Saturday, September 4, 2010

Royalty's Ass

In which the subjective value of opinions is proportional to ass origin.

I find film comment funny.  From experts on "down," it's so often confusion and folly.  Consider, for example, this proud declaration:  "I don't care about widescreen."   It was intoned as if a prod, trying to find out what team I was on.  Unfortunately for questioner, I'm on the team that wants to see original prints. 

Now, I'm not saying that cutting up a film willy-nilly amounts to a rectangular peg in a square hole, but . . . doesn't it?

It's a form of Dada, in a way, introducing a random change in a film after the artist is "done" with it.  Obviously it's not totally random, being a uniform squaring, but it is arbitrary.  And when the movie gets to TV, a cheap Pop Art ensues, a massacre by commercials, logos, and pop-up ads.  Is there absolutely no respect for the viewer, artists and crew?

And at this point, how far from the original film are we?  This object, slaved over by dozens if not hundreds of people, has been cropped, had random short films cut into it, and new elements have been placed in the frame.  On most channels, a logo stays on screen, like a tacky and undeserved signature.  Some go translucent . . . Newsflash:  I can still see it, so therefore I'm still struggling to avoid that part of the screen.  Who believes the lower right optional?  Why isn't it optional during commercials?

Often ads leap out at you, which is to say deliberately divert your attention from what you are watching.  Is the attitude of television viewers, overwhelmingly, not only  "I don't care about widescreen" but also "I really don't care what's on the screen as long as it's on?"   And I have to ask, if none of this stuff bothers you, if you can watch a film in it's original aspect and a Frankensteined TV version with equal pleasure, or a TV show shredded to ribbons by advertising -- how?  Would it be the same for you if you closed your eyes?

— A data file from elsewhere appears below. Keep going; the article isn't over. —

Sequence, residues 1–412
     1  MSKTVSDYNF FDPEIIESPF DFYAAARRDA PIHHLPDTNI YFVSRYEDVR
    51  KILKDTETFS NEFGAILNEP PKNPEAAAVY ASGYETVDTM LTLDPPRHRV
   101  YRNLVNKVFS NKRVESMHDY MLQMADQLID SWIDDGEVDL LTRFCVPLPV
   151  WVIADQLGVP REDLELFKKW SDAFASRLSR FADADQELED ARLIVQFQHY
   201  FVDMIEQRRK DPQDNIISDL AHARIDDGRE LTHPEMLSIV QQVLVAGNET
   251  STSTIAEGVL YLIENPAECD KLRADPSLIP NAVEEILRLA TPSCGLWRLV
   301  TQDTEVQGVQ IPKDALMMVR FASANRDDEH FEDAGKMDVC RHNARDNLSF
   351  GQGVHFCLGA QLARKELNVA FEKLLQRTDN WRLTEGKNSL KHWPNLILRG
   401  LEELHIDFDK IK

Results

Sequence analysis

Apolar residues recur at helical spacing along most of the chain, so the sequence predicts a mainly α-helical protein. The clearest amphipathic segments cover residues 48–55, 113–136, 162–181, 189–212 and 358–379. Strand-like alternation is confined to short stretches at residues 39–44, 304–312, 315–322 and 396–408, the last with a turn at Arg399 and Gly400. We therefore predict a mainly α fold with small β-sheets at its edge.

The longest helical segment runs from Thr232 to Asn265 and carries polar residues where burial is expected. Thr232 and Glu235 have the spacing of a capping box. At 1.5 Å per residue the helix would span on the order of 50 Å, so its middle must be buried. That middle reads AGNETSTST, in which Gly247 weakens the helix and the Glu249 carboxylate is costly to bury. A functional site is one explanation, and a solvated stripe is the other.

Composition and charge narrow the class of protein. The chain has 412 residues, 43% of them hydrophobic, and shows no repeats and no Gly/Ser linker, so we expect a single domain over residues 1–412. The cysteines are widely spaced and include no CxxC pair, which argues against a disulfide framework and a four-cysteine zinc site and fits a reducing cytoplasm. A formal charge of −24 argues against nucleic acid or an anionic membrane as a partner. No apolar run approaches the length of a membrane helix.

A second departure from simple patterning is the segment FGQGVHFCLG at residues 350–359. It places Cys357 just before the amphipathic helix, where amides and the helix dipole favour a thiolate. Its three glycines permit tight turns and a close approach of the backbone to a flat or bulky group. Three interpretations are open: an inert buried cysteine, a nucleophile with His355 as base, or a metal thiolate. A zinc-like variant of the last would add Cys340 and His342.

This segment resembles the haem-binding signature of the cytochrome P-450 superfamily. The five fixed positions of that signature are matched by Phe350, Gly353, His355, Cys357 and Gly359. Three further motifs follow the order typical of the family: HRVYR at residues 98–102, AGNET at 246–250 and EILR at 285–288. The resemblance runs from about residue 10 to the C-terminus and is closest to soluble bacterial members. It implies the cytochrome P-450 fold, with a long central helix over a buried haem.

Another side of "I don't care about widescreen" is misplaced pride, about which I wonder:  even if one really doesn't care, where is the virtue?  I envy being so easily amused, but I don't see the moral victory. 

And so it goes, right "up" to the professionals, where an embarassing richness of silly statements and strange "victories"  make it difficult to pick a representative example.  But the fact that this more-or-less randomly chosen review excerpt is so telling is, itself, indicative:  

"Annie Hall contains more intellectual wit and cultural references than any other movie ever to win the Oscar for best picture . . ."

Did the reviewer count the cultural references in every best picture winner?   Is there an intellectual wit meter? 

". . .  and in winning the award in 1977 it edged out "Star Wars," an outcome unthinkable today.

Besides being a tautology, the clumsy implications -- that today a smart film could never beat a blockbuster, and thus that a blockbuster could never be smart -- are not "unthinkable" if one peruses the winners and nominees beginning with, say, 2001.

"The victory marked the beginning of Woody Allen's career as an important filmmaker (his earlier work was funny but slight) . . ."

So, an "important film" is the opposite of slight?   And, who does this guy think he is, dismissing seven films (and thus everyone who worked on them) with a single word?!

". . . and it signaled the end of the 1970s golden age of American movies.  With "Star Wars," the age of the blockbuster was upon us, and movies this quirky and idiosyncratic would find themselves shouldered aside by Hollywood's greed for mega-hits."

Again, the "best picture" winners and nominees tell a different story.  Plus, I see no preponderance of quirk and idiosyncrasy before Annie Hall, and the list includes blockbusters relative to their time.  Is 1977 a turning point by "virtue" of anything more than nostalgia?

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